No Action Alternative. DOE analyzed the environmental impacts of the No Action alternative. Under the No Action Alternative, DOE would not provide financial assistance for the development and implementation of EHEC programs. Although some private-sector field trials involving EHEC crops may be undertaken under permits issued by APHIS, for purposes of the No Action analysis DOE assumes that development of EHEC crops would occur slowly or in an uncoordinated fashion, and that wide-scale commercial deployment would not occur. The No Action Alternative provided a baseline for considering the potential environmental impacts of the other alternatives.


Q. What impacts are addressed in the PEIS?

A. DOE analyzed potential direct, indirect, and cumulative environmental impacts across the full spectrum of resource areas, including—but not limited to—the following:

  • Biological resources: vegetation, terrestrial and aquatic wildlife, threatened or endangered species, migratory birds, ecologically sensitive habitats, alteration in weediness characteristics (invasiveness), biodiversity, and susceptibility to disease or insects;
  • Water resources: soil hydrology, groundwater, surface water, sedimentation, runoff, and erosion;
  • Cultural and historic resources;
  • Floodplains and wetlands:;
  • Socioeconomic resources: food and feed crop supplies and prices, schools, housing, public services, and local revenues;
  • Transportation;
  • Air quality: regional air quality;
  • Greenhouse gas emissions and climate change;
  • Land use: agriculture, farmland availability, , recreation, timber harvesting, grazing, and soils;
  • Environmental justice: disproportionately high and adverse impacts on minority and low-income populations;
  • Noise;
  • Terrorism and Accident Analysis;
  • Wilderness Areas;
  • Wild and Scenic Rivers;
  • Wildfires;
  • Visual Resources;
  • Human health and safety;
  • Terrorism and accidents; and
  • Cumulative impacts: for each alternative, DOE will assess potential effects that could result from the incremental impacts of the action when added to other past, present, and reasonably foreseeable future actions, including potential impacts from commercial deployment and use of EHECs.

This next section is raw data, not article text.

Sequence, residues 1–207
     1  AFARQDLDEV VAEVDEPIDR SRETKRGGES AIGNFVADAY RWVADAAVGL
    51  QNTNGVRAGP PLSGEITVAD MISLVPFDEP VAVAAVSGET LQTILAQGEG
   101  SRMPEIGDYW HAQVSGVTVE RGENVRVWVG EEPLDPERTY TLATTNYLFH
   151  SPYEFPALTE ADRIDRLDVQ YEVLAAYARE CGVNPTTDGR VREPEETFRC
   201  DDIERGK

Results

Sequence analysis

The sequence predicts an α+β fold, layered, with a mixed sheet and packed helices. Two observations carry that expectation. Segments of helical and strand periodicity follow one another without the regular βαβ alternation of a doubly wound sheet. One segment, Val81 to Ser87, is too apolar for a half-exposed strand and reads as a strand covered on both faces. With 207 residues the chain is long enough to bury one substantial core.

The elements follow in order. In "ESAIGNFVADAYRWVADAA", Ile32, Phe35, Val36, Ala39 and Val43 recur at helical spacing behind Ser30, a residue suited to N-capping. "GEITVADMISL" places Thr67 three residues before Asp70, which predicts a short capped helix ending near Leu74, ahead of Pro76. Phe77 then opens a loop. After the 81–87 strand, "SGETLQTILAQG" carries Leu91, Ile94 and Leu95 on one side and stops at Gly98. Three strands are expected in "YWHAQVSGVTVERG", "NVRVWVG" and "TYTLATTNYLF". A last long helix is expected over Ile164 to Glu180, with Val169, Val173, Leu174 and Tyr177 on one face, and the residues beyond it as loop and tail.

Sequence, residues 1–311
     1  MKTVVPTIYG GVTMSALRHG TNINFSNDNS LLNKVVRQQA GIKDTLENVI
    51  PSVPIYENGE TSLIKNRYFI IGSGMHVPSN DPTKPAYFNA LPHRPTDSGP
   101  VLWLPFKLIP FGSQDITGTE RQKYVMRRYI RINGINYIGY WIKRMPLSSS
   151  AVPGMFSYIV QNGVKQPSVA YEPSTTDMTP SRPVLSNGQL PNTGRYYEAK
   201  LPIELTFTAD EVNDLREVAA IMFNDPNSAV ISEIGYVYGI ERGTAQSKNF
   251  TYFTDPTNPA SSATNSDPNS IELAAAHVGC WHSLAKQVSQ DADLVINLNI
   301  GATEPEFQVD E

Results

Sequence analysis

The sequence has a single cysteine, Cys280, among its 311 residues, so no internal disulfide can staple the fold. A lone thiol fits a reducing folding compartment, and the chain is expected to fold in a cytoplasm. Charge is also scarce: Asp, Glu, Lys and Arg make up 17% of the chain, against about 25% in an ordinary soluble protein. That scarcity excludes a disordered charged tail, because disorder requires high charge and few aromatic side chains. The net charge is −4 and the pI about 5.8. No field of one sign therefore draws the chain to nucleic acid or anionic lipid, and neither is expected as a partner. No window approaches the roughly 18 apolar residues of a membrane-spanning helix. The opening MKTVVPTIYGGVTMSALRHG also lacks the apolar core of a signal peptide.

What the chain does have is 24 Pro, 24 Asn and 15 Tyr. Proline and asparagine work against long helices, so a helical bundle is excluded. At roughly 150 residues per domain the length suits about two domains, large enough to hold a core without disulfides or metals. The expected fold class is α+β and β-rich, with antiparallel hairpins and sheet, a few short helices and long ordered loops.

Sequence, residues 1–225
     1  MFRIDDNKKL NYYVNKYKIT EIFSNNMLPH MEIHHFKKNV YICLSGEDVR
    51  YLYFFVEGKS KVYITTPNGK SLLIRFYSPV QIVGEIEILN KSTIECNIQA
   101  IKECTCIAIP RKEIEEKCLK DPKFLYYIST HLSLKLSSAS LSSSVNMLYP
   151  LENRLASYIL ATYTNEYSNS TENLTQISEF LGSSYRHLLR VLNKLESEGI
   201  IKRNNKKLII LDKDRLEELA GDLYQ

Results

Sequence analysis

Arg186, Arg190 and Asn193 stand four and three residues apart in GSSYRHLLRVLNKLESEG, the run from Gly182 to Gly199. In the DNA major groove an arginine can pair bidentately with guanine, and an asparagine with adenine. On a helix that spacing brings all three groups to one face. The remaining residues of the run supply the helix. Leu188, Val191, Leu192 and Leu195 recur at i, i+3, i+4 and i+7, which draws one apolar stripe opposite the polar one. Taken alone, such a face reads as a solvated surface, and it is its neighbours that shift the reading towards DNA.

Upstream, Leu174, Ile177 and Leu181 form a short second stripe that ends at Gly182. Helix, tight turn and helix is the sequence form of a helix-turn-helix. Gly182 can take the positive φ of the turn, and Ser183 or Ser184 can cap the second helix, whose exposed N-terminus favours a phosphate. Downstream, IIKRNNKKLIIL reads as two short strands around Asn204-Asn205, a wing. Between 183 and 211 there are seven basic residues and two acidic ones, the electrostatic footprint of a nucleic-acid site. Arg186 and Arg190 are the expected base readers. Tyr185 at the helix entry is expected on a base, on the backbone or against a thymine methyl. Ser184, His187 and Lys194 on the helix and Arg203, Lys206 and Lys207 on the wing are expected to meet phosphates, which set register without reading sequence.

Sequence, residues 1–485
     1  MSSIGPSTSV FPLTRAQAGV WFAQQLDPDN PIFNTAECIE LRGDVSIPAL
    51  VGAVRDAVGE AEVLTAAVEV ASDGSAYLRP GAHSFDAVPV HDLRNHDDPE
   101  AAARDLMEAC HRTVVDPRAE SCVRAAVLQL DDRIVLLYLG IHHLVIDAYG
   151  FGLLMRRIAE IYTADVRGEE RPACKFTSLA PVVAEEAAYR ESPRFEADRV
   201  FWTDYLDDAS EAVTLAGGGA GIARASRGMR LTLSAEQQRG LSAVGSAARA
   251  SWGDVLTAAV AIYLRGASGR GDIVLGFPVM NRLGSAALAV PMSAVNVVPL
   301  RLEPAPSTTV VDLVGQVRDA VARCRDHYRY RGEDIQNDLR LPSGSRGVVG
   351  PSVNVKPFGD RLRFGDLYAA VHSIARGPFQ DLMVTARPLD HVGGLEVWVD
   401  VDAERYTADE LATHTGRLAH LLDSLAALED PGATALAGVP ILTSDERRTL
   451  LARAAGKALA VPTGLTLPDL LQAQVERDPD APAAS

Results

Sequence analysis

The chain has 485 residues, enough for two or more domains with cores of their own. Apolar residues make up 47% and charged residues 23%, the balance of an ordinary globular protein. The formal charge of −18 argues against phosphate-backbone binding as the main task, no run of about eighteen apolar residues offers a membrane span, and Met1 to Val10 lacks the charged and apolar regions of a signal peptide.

The level of analysis of each resource area in the PEIS is in accordance with the potential significance of impacts. The above list is not intended to be all inclusive or to imply any predetermination of impacts. DOE evaluated the scoping comments received on the PEIS in determining the full range of potential environmental impacts to analyze.


Q. How and when can I make comments on the project?

A. NEPA provides for extensive public participation in the preparation of an EIS through comments on the scope of the EIS and on the Draft EIS. Comments could be provided verbally at public meetings and hearings or in writing. DOE considered all comments received during scoping and on the Draft PEIS, even if a comment was submitted anonymously.

For more information, visit the NEPA Process and How to Comment pages.


Q. How will I know when the Draft PEIS is available for public review?

A notice of the Final PEIS’s availability will be published in the Federal Register on August 7, 2015 and on this project website. The Notice of Availability and Final PEIS are viewable, printable, and downloadable in electronic form (PDF) on this website at the Document Library page and the DOE NEPA website.


Q. What are some additional resources?


Biofuel Answers

Q. What is bioenergy and how and where can I use it?